When Life - Who I Am and Who I Should Be

I grew up in a very rural area of the Midwest with few mental health resources. I lived with my mother who had the optimistic view that my depression was just normal teen stuff.

I think it took my suffering and screwing up in big ways for almost a decade before she realized that I wasn’t just a sad teenager.

Now that I am almost 30, she communicates with me more about the darkness, seeking metaphors and trying to have an understanding. But a lot of the damage has already been done. I recently found out that I have ADHD with increasingly worsening symptoms which have compounded the reach of my depression and anxiety. She eventually told me that it was suggested to her by a family member when I was a young child that I might have ADD, but she remained in denial and I’m now 29 with a clearer understanding of who I really am for the first time.

I have health coverage through my employer, but still cannot afford counseling to the degree that would be life-changing for me. I am where I am today because of the problematic stigma and lack of awareness surrounding mental health conditions.

Several times per day it crosses my mind that maybe I'm just not cut out to achieve the goals that my innate drive almost doesn't give me a choice but to pursue. Facing that internal contradiction repeatedly throughout a day - a week - a year - is torture. And that’s not even when it is at its worst. That’s not when the voices are telling me to not only give up on success, but life altogether.

I've spent a lot of time surrounded by people who denied that there was nothing Vitamin B and exercise couldn’t fix. The effect? I am stubbornly passionate about mental health care and resources, but afraid to be outspoken. I don’t want to hurt the feelings of my parents who might be sensitive to feeling like they let me down. I refuse to be judged by people who might be on their way to being more conscious of mental health issues but would inevitably treat me differently or exclude me from opportunities from which I could benefit personally or professionally.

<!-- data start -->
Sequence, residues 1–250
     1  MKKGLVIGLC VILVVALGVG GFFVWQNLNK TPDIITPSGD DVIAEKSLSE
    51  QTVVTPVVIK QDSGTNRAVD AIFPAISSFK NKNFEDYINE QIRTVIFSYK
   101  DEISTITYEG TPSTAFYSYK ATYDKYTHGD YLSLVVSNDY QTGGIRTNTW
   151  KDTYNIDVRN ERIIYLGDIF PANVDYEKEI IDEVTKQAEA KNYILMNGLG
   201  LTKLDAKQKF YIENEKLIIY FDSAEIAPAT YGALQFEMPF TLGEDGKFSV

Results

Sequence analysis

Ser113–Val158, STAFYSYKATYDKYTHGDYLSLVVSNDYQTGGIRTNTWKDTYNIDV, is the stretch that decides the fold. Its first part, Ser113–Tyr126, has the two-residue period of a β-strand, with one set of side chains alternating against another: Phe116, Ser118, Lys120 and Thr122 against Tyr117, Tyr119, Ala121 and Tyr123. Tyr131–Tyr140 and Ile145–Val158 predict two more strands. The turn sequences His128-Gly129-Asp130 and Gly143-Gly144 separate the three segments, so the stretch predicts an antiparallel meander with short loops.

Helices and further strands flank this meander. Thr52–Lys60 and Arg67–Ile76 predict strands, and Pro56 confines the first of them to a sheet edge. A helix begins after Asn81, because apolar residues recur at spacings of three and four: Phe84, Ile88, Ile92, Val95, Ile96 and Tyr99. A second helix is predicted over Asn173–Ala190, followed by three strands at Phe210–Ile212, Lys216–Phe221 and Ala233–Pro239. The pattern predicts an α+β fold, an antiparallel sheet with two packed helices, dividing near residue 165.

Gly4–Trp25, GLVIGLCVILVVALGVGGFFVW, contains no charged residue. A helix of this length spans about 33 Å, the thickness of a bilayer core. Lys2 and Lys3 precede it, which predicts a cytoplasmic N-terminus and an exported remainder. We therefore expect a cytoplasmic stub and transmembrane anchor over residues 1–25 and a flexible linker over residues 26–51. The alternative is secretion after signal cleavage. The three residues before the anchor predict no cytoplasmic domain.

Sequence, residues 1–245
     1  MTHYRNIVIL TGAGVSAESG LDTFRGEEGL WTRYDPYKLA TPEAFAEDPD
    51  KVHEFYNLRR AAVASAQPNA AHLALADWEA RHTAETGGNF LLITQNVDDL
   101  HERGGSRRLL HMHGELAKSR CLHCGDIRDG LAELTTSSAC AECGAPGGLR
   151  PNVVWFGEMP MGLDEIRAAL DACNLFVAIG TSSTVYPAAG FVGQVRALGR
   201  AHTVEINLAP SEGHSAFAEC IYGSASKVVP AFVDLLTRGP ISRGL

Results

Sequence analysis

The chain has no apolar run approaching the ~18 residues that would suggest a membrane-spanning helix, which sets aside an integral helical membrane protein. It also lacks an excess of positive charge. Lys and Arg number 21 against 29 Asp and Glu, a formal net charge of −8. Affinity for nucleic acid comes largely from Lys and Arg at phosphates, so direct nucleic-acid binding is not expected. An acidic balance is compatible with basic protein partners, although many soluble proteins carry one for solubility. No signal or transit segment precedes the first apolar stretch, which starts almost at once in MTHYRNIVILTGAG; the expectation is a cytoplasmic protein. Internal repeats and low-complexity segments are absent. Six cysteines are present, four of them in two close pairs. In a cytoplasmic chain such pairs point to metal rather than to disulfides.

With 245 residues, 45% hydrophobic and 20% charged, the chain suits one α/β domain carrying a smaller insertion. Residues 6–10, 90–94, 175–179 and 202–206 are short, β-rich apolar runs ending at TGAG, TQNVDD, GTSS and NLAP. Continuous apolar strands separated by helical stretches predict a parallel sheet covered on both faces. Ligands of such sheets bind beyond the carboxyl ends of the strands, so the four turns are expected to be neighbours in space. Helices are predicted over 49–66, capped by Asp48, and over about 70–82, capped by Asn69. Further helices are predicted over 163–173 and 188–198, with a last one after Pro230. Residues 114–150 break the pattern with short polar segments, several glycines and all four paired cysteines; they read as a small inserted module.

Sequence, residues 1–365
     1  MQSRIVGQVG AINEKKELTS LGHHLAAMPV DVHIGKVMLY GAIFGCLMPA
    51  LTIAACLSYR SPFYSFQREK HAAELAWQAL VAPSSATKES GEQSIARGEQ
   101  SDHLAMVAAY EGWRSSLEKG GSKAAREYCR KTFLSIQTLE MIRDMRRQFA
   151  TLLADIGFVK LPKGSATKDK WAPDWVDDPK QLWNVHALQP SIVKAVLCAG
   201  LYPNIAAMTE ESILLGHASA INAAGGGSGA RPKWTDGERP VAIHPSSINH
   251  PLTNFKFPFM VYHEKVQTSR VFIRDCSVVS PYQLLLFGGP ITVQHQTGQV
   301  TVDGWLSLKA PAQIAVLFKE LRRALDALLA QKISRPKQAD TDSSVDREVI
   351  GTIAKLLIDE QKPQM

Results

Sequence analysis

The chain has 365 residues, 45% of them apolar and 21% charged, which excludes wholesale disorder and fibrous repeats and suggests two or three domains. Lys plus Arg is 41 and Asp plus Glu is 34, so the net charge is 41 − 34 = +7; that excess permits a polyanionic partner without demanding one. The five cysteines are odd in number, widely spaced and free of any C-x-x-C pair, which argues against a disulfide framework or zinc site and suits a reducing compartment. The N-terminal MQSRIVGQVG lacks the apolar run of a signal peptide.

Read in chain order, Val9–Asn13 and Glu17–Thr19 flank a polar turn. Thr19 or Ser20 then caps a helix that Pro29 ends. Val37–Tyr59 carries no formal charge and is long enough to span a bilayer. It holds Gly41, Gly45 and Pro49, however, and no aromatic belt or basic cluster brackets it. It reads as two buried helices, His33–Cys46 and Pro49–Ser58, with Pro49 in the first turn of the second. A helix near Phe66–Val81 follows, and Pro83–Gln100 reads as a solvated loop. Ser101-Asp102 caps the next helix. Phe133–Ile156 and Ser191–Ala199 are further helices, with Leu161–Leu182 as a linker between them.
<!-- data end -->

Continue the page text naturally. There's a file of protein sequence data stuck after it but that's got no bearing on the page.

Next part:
I feel like two people. Who I am – and who I am supposed to be.

Through my tumultuous teenage years and into my adulthood, subconsciously I've gravitated toward and fallen into incredible, creative friendships with other people who suffer like I do. What is too obvious to some, and not obvious enough to others, is that the polarizing nature of our culture has failed us to the extent that the greatest resource we have is our solidarity. And too often, even that is not enough.

That is why, though the masses may be shocked by the suicide of a beloved public figure, they are not shocked by the heavy sighs of understanding and waves of compassion that follow.

There are more people now than ever - myself included, that are intricately aware of lives that have been lost because we as communities, as governments (big and small), and as a nation of people, have failed to do the first thing we should be doing: taking care of one another.

One of the lives lost in this battle was one that I was close to. He was a gifted pianist, a treasured friend, and an elementary school teacher with a solid reputation in the community. June 15, 2017, he passed on. Those close to him know that he still had faith that we could get there someday. His obituary called for donations to NAMI, and in his name, at every opportunity I have, I call to raise funds, awareness, and action. Because solidarity is not enough for us.


Submitted by: Kansas


The struggle of a constant and incessant internal dialogue is so common in those with mental health disorders. As "Kansas" states in their story, they feel like 2 people...who they are and who they are supposed to be. When your heart, mind, and body aren't in sync, the concept of growing, moving forward, reaching goals and being successful can seem so out of reach.

Resources that work can often be so incredibly expensive. So it comes as no surprise to me, because I see it a lot in the world of entrepreneurship, that people finding connection with others who are fighting the same demons can be the next best thing. Supporting one another, yet trying so hard to support themselves. "Kansas" is correct in stating that solidarity isn't enough. Care for those with mental health disorders needs to be accessible to all, not just those with deep pockets.

I commend you for being so passionate about giving hope and resources to those who are also having a difficult time with this psychological struggle. And I can't begin to thank you for sharing such a personal part of your journey.


God Bless,

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